Tuesday, December 18, 2007

Pipes on Insurance Mandates

The December 17, 2007 edition of the Rocky Mountain News printed the following opinion piece by Sally Pipes of the Pacific Research Institute, discussing the folly of insurance mandates:
Remove barriers to affordable health insurance
Sally C. Pipes

Ever wonder why health insurance costs so much in Colorado? Well, maybe it has something to do with the fact that every insurance policy in the state must cover all kinds of services — including professional counseling — deemed unnecessary by many.

In fact, Colorado has 37 of these mandates. Should a resident want to buy a policy that doesn’t cover, say, chiropractor visits, sorry — the government has decided that everyone must have that coverage.

Recently, enthusiasm for universal health-care coverage has swept the nation, with governors in Massachusetts and California leading the way. Maine and Vermont are currently revising their own systems of expanded health-care coverage, and at least eight other states are pursuing similar reforms.

Certainly, the approximately 47 million uninsured in America is a significant problem, but the proposals under consideration do little to address the primary reason for the lack of coverage — very expensive insurance.

And why are those costs spiraling upward, seemingly without limit? One major reason is government meddling in the market for health insurance, particularly through the imposition of restrictive mandates and regulations.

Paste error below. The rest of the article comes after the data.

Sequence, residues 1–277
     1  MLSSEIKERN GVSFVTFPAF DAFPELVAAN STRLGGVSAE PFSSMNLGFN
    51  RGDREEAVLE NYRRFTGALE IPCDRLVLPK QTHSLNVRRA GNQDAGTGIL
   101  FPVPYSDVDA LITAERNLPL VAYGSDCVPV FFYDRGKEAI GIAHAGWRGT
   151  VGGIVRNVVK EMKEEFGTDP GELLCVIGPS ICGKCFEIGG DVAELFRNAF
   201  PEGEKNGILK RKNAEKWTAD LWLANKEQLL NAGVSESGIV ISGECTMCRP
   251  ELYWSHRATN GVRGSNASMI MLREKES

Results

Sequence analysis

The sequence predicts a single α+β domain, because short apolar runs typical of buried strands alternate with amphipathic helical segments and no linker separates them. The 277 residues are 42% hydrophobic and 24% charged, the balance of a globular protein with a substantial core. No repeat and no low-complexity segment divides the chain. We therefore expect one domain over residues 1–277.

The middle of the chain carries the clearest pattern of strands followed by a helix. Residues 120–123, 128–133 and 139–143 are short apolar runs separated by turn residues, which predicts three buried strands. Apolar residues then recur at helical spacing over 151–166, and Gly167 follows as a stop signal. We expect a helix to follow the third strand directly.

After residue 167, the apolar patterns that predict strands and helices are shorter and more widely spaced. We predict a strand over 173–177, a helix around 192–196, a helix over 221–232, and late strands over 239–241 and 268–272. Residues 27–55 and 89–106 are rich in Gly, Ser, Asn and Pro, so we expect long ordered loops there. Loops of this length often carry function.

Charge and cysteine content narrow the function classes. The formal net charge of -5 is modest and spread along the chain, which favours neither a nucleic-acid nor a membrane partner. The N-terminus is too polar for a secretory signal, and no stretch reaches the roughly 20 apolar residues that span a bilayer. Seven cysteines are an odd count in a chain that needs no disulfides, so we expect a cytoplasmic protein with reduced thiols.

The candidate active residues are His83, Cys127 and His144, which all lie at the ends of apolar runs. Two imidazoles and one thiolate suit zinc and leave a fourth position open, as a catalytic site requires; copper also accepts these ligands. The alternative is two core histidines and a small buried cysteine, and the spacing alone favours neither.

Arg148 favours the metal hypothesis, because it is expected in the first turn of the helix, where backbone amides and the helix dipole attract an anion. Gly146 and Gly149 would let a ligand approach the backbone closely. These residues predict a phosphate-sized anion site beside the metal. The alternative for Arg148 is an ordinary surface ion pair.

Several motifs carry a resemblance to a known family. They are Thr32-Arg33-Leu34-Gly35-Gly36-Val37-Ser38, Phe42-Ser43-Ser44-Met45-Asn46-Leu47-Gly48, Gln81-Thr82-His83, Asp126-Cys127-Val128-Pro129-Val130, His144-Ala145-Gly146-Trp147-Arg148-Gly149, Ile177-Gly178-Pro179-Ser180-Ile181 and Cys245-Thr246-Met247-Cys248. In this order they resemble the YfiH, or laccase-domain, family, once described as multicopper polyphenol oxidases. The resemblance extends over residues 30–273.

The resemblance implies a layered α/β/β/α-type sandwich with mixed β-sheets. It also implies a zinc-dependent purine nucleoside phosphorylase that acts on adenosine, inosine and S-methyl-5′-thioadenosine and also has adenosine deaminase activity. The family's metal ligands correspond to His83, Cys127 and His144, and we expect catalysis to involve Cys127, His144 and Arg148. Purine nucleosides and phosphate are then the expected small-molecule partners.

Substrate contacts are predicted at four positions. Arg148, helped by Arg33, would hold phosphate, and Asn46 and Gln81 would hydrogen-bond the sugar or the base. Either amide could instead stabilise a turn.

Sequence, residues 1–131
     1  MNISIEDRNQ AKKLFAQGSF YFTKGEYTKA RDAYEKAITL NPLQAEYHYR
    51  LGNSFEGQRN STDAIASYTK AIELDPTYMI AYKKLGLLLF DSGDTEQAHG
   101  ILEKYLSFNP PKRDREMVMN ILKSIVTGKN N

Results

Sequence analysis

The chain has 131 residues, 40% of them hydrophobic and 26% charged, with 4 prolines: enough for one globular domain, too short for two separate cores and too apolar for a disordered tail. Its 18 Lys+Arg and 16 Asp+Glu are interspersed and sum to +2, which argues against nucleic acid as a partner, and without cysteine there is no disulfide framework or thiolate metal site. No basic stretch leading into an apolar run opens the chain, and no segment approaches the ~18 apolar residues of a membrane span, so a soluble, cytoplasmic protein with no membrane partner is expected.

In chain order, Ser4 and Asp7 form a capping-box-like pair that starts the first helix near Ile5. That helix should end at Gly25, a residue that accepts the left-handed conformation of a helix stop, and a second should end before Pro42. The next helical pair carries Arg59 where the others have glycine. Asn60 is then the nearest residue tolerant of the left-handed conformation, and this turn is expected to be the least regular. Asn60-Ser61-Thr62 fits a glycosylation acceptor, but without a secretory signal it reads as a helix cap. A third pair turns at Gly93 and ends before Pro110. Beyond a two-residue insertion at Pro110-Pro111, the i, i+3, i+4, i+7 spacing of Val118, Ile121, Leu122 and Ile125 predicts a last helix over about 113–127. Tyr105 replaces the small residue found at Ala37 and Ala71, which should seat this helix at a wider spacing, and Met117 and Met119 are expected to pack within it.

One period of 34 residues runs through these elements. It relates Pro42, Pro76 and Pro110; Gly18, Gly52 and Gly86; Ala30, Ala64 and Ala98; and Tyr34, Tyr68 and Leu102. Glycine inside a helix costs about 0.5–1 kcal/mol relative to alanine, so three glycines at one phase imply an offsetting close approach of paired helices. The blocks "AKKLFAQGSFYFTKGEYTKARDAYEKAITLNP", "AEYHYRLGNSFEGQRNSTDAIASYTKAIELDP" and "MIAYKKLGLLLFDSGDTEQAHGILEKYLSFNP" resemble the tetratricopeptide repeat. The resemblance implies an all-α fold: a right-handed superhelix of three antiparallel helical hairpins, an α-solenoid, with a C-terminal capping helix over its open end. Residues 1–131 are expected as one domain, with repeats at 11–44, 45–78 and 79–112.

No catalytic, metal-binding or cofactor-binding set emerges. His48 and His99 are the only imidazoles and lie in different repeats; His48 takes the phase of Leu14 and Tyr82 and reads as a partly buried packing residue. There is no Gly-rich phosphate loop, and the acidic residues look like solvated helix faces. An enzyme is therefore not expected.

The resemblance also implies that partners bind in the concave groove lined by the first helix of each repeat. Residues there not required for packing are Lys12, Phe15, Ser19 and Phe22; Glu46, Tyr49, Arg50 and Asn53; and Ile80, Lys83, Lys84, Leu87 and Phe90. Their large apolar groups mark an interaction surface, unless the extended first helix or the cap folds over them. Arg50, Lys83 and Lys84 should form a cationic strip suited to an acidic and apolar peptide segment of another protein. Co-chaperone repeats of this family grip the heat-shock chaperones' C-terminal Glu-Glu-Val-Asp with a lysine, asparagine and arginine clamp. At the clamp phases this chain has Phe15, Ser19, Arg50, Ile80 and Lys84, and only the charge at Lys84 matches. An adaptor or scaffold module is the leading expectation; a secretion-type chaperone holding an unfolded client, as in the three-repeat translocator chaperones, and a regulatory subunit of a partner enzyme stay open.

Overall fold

The average state has 36 mandates on an individual health insurance policy. And with each mandate, the cost to the consumer goes up. These mandates often stand in the way of making health insurance more affordable in the first place.

Just as options on a new automobile add to the total cost of the car, so too do insurance mandates.

If affordability and accessibility are the problems behind the number of uninsured, then why haven’t state governments removed the mandates for those who want to buy a basic policy? It’s not just the government’s desire to micromanage — it’s interest-group politics.

Acupuncturists, for example, certainly provide an important pain-relief service to many individuals. But is it really necessary for everyone to have acupuncture coverage whether they want it or not? It would make far more sense to give individuals the freedom to purchase policies that suit their specific needs.

The current system guarantees that everyone pays the highest possible price.

We are covered for things we don’t use. Or if we do take advantage of these mandated benefits, we don’t realize the full cost of the benefit because someone else pays.

But we all indirectly absorb those costs thanks to higher premiums.

The conversation about health-care reform is long overdue, but unfortunately for most consumers, it’s headed in the wrong direction.

Without addressing the high costs of health care, efforts to achieve universal coverage by legislative fiat will fail. Just look at automobile insurance. Even though it is mandatory in all but three states, one in seven drivers on our roads remains uninsured. There’s a better way to expand health-are coverage — through greater purchasing freedom and fewer regulations.

Let’s hope Colorado learns from the heavy-handed approaches of other states and opts for a more effective approach — like ending the silly requirement that all insurance policies cover things like marriage therapy, which most people will never need.

Sally C. Pipes is president and CEO of the Pacific Research Institute. She is a resident of San Francisco.